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Moral uncertainty and public justification (Barret and Schmidt, 2021)

Oops, one correction: "public justification" doesn't mean "justification to the people a policy will affect", it means "justification to all reasonable people"; "reasonable people" is roughly everyone except Nazis and others with similarly extreme views.

Moral uncertainty and public justification (Barret and Schmidt, 2021)

I know this doesn't solve the actual problem you're getting at, but here's a translation of that sentence from philosophese to English. "Pro tanto" essentially means "all else equal": a "pro tanto" consideration is a consideration, but not necessarily an overriding one. "Public justification" just means justifying policy choices with reasons that would/could be persuasive to the public/to the people they will affect. So the sentence as a whole means something like "While moral uncertainty doesn't mean that governments (and other institutions) should always justify their decisions to the people, it does mean they should do so when they can."

The Importance-Avoidance Effect

This is something I'm dealing with right now, so reading this was helpful. Thanks

You should write about your job

I'd be interested in this. Even though "generalist researcher" is well-known, I think it's easy from the outside to get a distorted picture of the "content" of the job. Aside from this recent post, I don't know of write ups about it off the top of my head (though there could be ones I don't know about), and of course multiple writeups are useful since different people's situations and experiences will be different.

How to make people appreciate asynchronous written communication more?

I had this reaction as well. Can't speak for OP, but one issue with this is that audio is harder to look back at than writing; harder to skim when you're just looking for that one thing you think was said but you want to be sure. One solution here would be transcription, which could probably be automated because it wouldn't have to be perfect, just good enough to be able to skim to the part of the audio you're looking for.

What are the effects of considering that (human) morality emerges from evolutionary and other functional pressures?

You might check out this SEP article: https://plato.stanford.edu/entries/morality-biology/. Haven't read it myself, but looking at the table of contents it seems like it might be helpful for you (SEP is generally pretty high-quality). People have made a lot of different arguments that start from the observation that human morality has likely been shaped by evolutionary pressures, and it's pretty complicated to try to figure out what conclusions to draw from this observation. It's not at all obvious that it implies we should try to "escape the shackles of evolution" as you put it. It may imply that, but it also may not. (In particular, "selective evolutionary debunking arguments" seem to have implications along these lines, but "general evolutionary debunking arguments" seem to lead to almost the opposite conclusion.)

You might also check out this post by Eliezer.

Should I transition from economics to AI research?

So I am a philosopher and thus fundamentally unqualified to answer this question. So take these thoughts with a grain of salt. However:

  1. From my outsider's perspective, it seems as though AI safety uses a lot of concepts from economics (especially expected utility theory). And if you're at the grad level in economics, then you probably have a decent math background. So at least many of your skills seem like they would transfer over.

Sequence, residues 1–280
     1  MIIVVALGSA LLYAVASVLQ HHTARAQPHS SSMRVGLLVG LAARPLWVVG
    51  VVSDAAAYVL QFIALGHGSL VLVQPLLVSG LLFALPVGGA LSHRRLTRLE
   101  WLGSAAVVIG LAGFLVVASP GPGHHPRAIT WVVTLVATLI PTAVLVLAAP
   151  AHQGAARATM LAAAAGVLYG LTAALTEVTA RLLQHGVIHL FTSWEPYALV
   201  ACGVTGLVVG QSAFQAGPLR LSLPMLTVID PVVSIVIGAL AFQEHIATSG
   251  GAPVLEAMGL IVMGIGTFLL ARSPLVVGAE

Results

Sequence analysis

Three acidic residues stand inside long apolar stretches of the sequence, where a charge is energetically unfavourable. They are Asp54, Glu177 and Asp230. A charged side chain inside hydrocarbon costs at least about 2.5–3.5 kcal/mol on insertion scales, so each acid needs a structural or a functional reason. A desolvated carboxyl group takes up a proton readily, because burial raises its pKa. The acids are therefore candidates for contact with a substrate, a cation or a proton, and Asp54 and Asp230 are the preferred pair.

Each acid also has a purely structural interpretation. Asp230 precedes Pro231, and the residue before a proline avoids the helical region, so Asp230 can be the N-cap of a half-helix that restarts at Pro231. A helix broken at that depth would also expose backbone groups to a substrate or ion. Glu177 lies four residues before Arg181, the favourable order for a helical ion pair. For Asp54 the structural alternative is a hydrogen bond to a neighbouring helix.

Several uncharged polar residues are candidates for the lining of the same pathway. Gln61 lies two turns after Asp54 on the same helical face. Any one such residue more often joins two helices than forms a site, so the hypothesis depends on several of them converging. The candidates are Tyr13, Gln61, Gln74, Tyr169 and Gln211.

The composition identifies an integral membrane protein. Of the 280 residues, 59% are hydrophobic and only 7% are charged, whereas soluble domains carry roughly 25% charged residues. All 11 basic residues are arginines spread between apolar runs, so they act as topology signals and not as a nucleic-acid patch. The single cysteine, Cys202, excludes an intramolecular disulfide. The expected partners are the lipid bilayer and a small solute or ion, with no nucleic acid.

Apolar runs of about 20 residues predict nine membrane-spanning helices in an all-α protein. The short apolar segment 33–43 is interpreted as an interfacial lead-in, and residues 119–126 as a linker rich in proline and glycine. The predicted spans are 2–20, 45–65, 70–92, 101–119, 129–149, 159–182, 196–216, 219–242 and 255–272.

2. I don't know how much impact you can expect to have as an AI researcher compared to an economist. But that seems like the kind of question an economist would be well-equipped to work on answering! If you happen to not already be familiar with cause prioritization research, you might consider staying in economics and focusing on it, rather than switching to AI, as cause prioritization is pretty important in its own right.
  3. Similarly, you might focus on global priorities research: https://forum.effectivealtruism.org/posts/dia3NcGCqLXhWmsaX/an-introduction-to-global-priorities-research-for-economists. Last I knew the Global Priorities Institute was looking to hire more economists; don't know if that will still be true when you finish your grad program, but at the very least I expect they'll still be looking to collaborate with economists at that time.

In other words, it seems like you might have a shot at transitioning (though I am very, very unqualified to assess this), but also there seem to be good, longtermist-relevant research opportunities even within economics proper.

Let me say this: I am extremely confused, either about what your goals are with this post, or about how you think your chosen strategy for communication is likely to achieve those goals.

Not Jeff, but I agree with what he said, and here are my reasons:

  1. The feedback Jpmos is giving you is time-sensitive ("Since it is still relatively early in the life of this post...")
  2. The feedback Jpmos is giving you is not actually about what you said. Rather, it's simply about the way you're communicating it, letting you know that, at least in Jpmos's case, your chosen method of communication came close to not being effective (unless your goals in writing the post are significantly different than the usual goals of someone writing a post, i.e. to communicate and defend a claim. Admittedly, you say that "I want you to think carefully and spaciously for yourself about what is best, and then do the things that seem best as they come to you from that spacious place", and maybe that is a significantly different goal from the usual one, but even so, there's a higher likelihood of readers doing that if they get the claim, or at least the topic, of the post up front.)
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